The sound of a Kinetic Rope failure. Damage and cost..... Plus photos of the wheeling and camping.

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wibornz

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Wow! It really does sound like a gun shot. Glad y’all are ok.

I just gotta ask, why weren’t you in 4wd while being pulled out?
My Jeep was in 4wd. My wife was driving when it got stuck and was driving during the recovery.
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wibornz

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WOW. Not being there is hard to tell but looks like a simple pull not snatch would have been fine. He was definitely sending it front the start.

sorry to hear about all the damage Ted but glad everyone is good. Would hate to see that coming through the windshield :surprised:
Yes, there is no doubt that my bud was to aggressive on the throttle. The video is the second attempt to pull it. The first gentle tug did not move it.
 
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wibornz

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Thank goodness everyone is ok, could have been so much worse!
BTW, I hate mud! Well really, I just hate cleaning mud afterwards...
I hate mud also. There was an hour of the water hose, $6 at the high pressure car wash, then a premium drive through car wash, then home for a bucket hand wash and wax and full detail on the inside. It took about 5 hours to get it clean. I would much rather be on the rocks out west.
 
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I'd agree with that. About 99% of the time I wreck, it's because of suction coming from the passenger
I have learned though experience that a gentle break in suction is often rewarding and less dangerous in real life situations.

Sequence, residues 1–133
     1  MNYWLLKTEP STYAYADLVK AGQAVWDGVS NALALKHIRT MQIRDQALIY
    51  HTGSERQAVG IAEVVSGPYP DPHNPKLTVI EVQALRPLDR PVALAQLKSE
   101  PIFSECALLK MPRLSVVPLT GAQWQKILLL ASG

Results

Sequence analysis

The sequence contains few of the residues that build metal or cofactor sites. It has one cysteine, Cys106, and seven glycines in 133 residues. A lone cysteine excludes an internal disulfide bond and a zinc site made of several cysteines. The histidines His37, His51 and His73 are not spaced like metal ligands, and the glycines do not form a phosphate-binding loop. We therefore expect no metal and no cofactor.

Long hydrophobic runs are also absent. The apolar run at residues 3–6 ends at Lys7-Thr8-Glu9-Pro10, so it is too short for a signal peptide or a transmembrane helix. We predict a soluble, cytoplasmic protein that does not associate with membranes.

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So this whole thread was posted by me so that others could learn from mistakes that were made in this recovery.

Mistake #1 Aways be in 4wd before you need it. I was in the passenger seat and my wife was driving. I had just got done flying the drone and was preoccupied with looking at the footage and not paying attention. We had been through at lest 50 waterhole like the one in the video prior to getting stuck.

Mistake #2 My bud had never used the kinetic rope before on a recovery and I did not give him clear instruction. When I use the kinetic rope, I never go over 5 mph in the tug. He was obviously trying harder.

Mistake #3 There was no rope dampener used. I thought it was going to be a very easy tug to get her out and got lazy as I was the one walking out into the mud to hook everything up. I have blankets that I carry in the Jeep that I normally use.for these type of recoveries.

Mistake #4 The specs of the rope
  • 7/8" x 30' Recovery Tow Rope with Red Eyes (Rating: 28600 lbs.)
  • Double braided nylon rope is extremely strong and flexible